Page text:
Syringes to Sobriety

Stories and Advice from a Real Heroin Addict

Daily Recovery Affirmations-August 14th, 2019

Syringes to Sobriety posts daily recovery affirmations for anyone who may need some inspiration. Our posts are not long-winded recovery preaching sermons and they are not always rainbows and puppies positive. Just some cold-hard truth. Some information we all need to hear. Take it or leave it. These daily recovery affirmations are not only for recovering users, although the discussion usually contains talk of drugs because this was my truth. The only way I can help others is to speak my truth. So enjoy!

Daily Recovery Affirmation

“It takes as much energy to wish as it does to plan.”

Eleanor Roosevelt

Affirmation Discussion

This quote, by the lovely Eleanor Roosevelt, should spark something in the reader stuck in a chaotic lifestyle, battling substance abuse disorder, as well as those who feel they are not living the life they had planned for themselves.

Whether you feel desperate, depressed, manic, frightened, or just plain fed up, I HAVE BEEN THERE. Millions of other peopel have felt the way you do right now.

While using we spend massive amounts of time wishing our lives were different. If we put a little bit of effort toward changing each day, we would start to get somewhere…start to recover. For tips on how to implement cahnge gradually, refer to How To Get Off Drugs- The Power of Imagination

Having the right mindset, knowing you want to recover, is a great starting point, but those who fail to take a step over the starting line, never get any closer to the finishing line. In other words, you have to do something if you want to recover or change your life at all.

Eleanor Roosevelt got it right. Stop wasting your energy wishing. Use that energy to make a plan, to DO SOMETHING.


Take a few minutes each day to make a list. When you start daydreaming about how different you wish your life was, or how many things you were so close to accomplishing before your started using, take out a pen and paper. Start making tiny goals. Simple stuff. For example:

  • Call an addiction hotline to see what services are out there
  • Register for state health insurance
  • Call my local methadone clinic
  • Find my local N.A. meeting hall
  • Find a local SMART meeting
  • Register for food stamps
  • Apply for a job

After you have your list, take a few minutes out of each day thereafter to check things off your list. Refer to How to Get off Drugs for a more detailed example of how to accomplish this.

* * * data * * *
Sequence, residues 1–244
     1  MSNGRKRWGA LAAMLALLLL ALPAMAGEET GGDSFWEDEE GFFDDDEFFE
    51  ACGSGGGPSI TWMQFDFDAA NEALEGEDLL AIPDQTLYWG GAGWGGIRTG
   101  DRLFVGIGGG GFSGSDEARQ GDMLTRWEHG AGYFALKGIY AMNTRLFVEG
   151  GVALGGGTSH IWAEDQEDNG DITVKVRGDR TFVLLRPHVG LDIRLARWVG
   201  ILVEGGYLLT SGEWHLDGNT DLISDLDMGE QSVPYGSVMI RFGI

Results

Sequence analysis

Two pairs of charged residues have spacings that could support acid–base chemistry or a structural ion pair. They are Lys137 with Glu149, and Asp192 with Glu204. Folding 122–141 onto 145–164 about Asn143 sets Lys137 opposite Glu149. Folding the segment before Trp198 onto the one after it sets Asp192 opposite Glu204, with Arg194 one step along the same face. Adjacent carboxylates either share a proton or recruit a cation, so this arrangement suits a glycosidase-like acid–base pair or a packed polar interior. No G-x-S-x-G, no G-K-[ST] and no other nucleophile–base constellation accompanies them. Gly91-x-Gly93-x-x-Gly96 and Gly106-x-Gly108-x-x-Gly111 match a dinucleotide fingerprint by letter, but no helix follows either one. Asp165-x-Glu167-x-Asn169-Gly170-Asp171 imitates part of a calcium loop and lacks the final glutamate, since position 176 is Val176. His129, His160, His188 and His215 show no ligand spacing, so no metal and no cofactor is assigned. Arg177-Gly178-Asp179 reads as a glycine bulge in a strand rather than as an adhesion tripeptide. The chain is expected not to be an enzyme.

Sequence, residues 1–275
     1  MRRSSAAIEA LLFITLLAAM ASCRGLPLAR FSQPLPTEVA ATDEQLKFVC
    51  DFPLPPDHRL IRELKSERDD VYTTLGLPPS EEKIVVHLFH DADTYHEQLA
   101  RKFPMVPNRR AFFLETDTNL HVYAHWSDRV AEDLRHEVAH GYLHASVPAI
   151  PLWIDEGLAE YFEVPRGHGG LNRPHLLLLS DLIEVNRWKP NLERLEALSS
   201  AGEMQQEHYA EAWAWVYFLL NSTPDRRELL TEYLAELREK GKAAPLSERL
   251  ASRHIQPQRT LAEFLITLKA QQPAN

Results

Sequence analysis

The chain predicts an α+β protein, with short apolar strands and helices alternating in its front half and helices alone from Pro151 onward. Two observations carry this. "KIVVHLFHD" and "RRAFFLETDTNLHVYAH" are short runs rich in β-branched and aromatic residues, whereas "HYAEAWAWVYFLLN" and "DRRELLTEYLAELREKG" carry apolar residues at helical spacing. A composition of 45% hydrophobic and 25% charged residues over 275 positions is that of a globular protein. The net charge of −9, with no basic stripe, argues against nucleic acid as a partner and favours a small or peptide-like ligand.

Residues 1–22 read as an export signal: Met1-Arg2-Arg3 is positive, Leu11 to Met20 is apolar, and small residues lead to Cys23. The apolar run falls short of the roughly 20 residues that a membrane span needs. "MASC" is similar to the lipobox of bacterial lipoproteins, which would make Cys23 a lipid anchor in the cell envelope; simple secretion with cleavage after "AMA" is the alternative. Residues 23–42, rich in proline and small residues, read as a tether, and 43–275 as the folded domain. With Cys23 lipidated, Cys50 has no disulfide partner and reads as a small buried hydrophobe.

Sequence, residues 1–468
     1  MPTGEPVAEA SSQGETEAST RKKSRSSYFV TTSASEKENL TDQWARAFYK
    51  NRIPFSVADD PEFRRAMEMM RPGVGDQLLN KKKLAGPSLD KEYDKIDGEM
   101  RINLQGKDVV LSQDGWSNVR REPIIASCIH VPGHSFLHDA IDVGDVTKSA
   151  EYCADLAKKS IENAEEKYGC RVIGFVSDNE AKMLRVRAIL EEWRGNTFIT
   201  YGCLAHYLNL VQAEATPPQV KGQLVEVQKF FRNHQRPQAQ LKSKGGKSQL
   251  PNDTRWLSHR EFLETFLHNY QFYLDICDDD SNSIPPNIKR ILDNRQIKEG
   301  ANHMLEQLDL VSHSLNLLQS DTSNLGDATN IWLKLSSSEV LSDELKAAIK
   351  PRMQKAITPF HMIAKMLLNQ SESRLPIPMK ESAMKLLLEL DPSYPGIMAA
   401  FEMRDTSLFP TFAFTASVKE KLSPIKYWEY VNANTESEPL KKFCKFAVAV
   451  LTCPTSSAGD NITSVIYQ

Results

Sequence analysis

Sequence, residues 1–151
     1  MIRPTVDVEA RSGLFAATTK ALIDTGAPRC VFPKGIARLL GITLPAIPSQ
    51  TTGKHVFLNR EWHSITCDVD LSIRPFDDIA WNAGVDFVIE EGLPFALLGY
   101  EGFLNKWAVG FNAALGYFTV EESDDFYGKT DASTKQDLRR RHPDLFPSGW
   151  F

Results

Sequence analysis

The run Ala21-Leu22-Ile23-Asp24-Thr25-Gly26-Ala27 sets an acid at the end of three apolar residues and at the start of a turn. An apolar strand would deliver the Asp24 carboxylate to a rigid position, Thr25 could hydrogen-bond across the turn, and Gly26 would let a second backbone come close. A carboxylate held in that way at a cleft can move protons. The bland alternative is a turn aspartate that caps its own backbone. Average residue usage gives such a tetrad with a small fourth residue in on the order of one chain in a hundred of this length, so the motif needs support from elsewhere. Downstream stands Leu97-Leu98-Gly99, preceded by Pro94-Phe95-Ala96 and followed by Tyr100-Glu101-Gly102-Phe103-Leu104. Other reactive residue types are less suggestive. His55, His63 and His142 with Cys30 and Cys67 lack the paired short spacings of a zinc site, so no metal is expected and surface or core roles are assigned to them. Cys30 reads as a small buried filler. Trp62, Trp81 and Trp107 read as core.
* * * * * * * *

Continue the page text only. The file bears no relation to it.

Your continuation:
Listen, I have been there. Homeless, staying in crappy motel rooms, sleeping with one eye open, grateful you even have a room for the night. I have been desperate enough to steal to get my next high just to stay well. I knew if I let myself get sick there was no way I could hustle to get another motel room. It is all such chaos thinking back on it.

Think about how hard you work toward getting your fix each day. Stealing, getting money, cashing gift cards, trading favors, and so on.

If you put even ten percent of that energy toward doing one small thing (like the examples listed above) for your recovery each day, you will start to feel better. GUARANTEED.

Eventually, you will gain the momentum needed to put all your energy toward living the life you really want to live.

Before I forget…

Oh yeah, one more thing! If your ideal life does not look like what society tells you a recovered drug user’s life should look like, more power to you! You do you, but try to take Eleanor’s advice. After all, she was a very wise woman! You won’t regret it.

12 comments on “Daily Recovery Affirmations-August 14th, 2019

  1. Hi. Thanks. It brought home a few harsh memories but some good one too, of friends and family – I poured out a JDs’ for them (before dropping a couple), 15 minutes ago after reading thru some of your stuff.
    I survived, dented but ok. I connect with your straight talk- when you’ve walked the wild side, there ain’t never any other wat but to say it how you mean it.